Kevin James, Jayma Mays, Raini Rodriguez, Keir O'Donnell, Shirley Knight
Kevin James, Nick Bakay
It's no secret that I enjoy Happy Madison films.
I'll be the first to admit that I cringed when I saw the movie poster for "Paul Blart: Mall Cop," the latest film from the Happy Madison team starring Kevin James ("I Now Pronounce You Chuck & Larry") as Paul Blart, a mild-mannered, Segway riding mall cop with a good heart, big belly, low tolerance for alcohol and nasty case of hypoglycemia.
Let's be honest, even the name stinks. No, really, it does.
"Paul Blart: Mall Cop?"
That's the best that everyone involved with the film could come up with?
It's almost as if they wanted the film to be another Happy Madison afterthought, like last year's dreadful "Strange Wilderness."
As much as I love Happy Madison films, even I'll admit that "Strange Wilderness" sucked.
A weird thing happened on the way to my expected trashing of "Paul Blart: Mall Cop."
I laughed. A lot.
Don't get me wrong, "Paul Blart: Mall Cop" is not brilliant cinema. There is a reason, after all, that it is a January film and not a December release.
This IS a Happy Madison film. If you've never liked them, then you won't like this one. If you have liked them, at least the better ones like the good majority of Adam Sandler's films plus "The Benchwarmers" or "The House Bunny," then there's a good chance you're going to enjoy "Paul Blart: Mall Cop."
You know how you can pretty much always tell a Tarantino film even if Tarantino himself didn't direct it?
The same is true for a Sandler film.
I've long admired Sandler's dedication to his circle of regular directors, writers, cast and crew. While I can't say for certainty that he created Happy Madison with them in mind, he's certainly taken great care to make sure that those in his circle have steady work.
The weird thing is that, even when Sandler himself isn't in the film, more often than not the films are entertaining and profitable.
"Paul Blart: Mall Cop," for example, made back its modest budget in its opening week.
How many films do that these days?
There have been misses, "The Master of Disguise" and "Strange Wilderness" being the most obvious.
However, out of the Happy Madison banner's 34 productions since it began in 1999, I'm guessing nearly 90% have managed to turn a profit.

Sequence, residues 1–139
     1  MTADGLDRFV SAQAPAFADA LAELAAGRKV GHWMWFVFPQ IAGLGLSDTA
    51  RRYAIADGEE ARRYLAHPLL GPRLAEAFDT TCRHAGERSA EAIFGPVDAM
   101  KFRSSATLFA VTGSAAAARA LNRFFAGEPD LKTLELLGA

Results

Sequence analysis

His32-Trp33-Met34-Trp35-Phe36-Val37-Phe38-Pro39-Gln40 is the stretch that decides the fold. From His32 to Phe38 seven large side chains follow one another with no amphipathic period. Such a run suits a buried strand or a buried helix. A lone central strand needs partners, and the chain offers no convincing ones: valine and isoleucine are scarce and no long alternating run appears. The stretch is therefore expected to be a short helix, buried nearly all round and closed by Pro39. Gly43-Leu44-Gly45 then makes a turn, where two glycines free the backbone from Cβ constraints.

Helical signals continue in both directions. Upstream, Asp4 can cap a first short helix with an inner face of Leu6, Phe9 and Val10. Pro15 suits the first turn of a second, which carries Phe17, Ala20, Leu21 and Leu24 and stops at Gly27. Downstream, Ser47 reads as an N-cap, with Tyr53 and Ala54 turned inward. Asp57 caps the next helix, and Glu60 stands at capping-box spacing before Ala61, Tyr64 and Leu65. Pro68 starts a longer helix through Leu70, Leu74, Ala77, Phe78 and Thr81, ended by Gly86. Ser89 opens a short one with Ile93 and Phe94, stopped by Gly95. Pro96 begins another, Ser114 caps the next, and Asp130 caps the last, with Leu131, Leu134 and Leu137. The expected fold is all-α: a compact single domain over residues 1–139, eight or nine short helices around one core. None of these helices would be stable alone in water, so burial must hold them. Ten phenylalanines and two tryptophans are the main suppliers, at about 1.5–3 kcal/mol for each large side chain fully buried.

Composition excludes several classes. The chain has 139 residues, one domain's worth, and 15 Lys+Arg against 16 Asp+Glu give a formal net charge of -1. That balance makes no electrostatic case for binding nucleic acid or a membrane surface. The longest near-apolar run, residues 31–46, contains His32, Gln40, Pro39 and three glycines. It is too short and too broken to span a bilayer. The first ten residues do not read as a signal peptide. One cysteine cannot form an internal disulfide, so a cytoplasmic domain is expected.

That's Sandler's touch...he makes, with the exception of his own that command higher production budgets, modestly budgeted comedies with plenty of laughs, characters who matter, a warm heart and that, well, leave you happy at the end.
"Paul Blart: Mall Cop" follows this formula perfectly and, again, while it will never be a top reviewed film it is a solidly entertaining, funny and good-hearted film that will please fans of Adam Sandler, Kevin James and the Happy Madison banner.
In the film, Blart is a conscientious mall cop at a West Orange, New Jersey shopping mall getting ready for the busiest shopping day of the year, Black Friday.
The busiest shopping day of the year becomes a surprisingly satisfying hostage situation when the mall is taken over by a gang of thieves led by mall cop trainee Veck (Keir O'Donnell, "Sons of Anarchy"). Their scheme is impossibly inventive, and the band of thieves that Veck has assembled bring to mind the skateboarding baddies from Kevin Smith's "Dogma."
In other words, they're idiots.
Blart, who remained oblivious to the entire takeover while working off a hangover from the night before by playing a rousing game of "Guitar Hero," springs into action to save a beautiful cashier with whom he's smitten, Amy (Jayma Mays, "Ugly Betty"), his daughter Maya (Raini Rodriguez) and, just as importantly, to protect his mall.
Is there any doubt really where this is going?
Nope, there isn't.
What's surprising is how fun it is getting to the expected resolution of Bart's heroics, the bad guys being defeated and the beautiful girl falling for the goofy, not so beautiful guy.
In a Sandler production, the good guys always win.
Realistic? Maybe not.
I like it.
Director Steve Carr ("Are We Done Yet?," "Daddy Day Care") stages "Paul Blart: Mall Cop" in such a way that the film's serio-comic action sequences are both funny and interesting to watch while Blart's transformation from chubby, adorable loser to action hero is believable enough that you actually care about Blart even in the midst of all the silliness.
James, who also co-wrote the script, is delightful as the well intended but frequently misguided Blart. While Blart is frequently funny, James wisely avoids turning him into a joke. He's the friend we all have...sweet, funny, good-hearted and who never seems to catch a break.
"Paul Blart: Mall Cop" is clearly a showcase for James's comedic talents, though the supporting players all complement him nicely.
Tech credits are better than usual for this type of comedy, most notably Russ T. Alsobrook's ("Role Models")imaginative camera work and Waddy Wachtel's energetic original score.
The Happy Madison record of producing modestly budgeted, entertaining comedies with a heart is safe and secure..."Paul Blart: Mall Cop" is on the job!
© Written by Richard Propes
The Independent Critic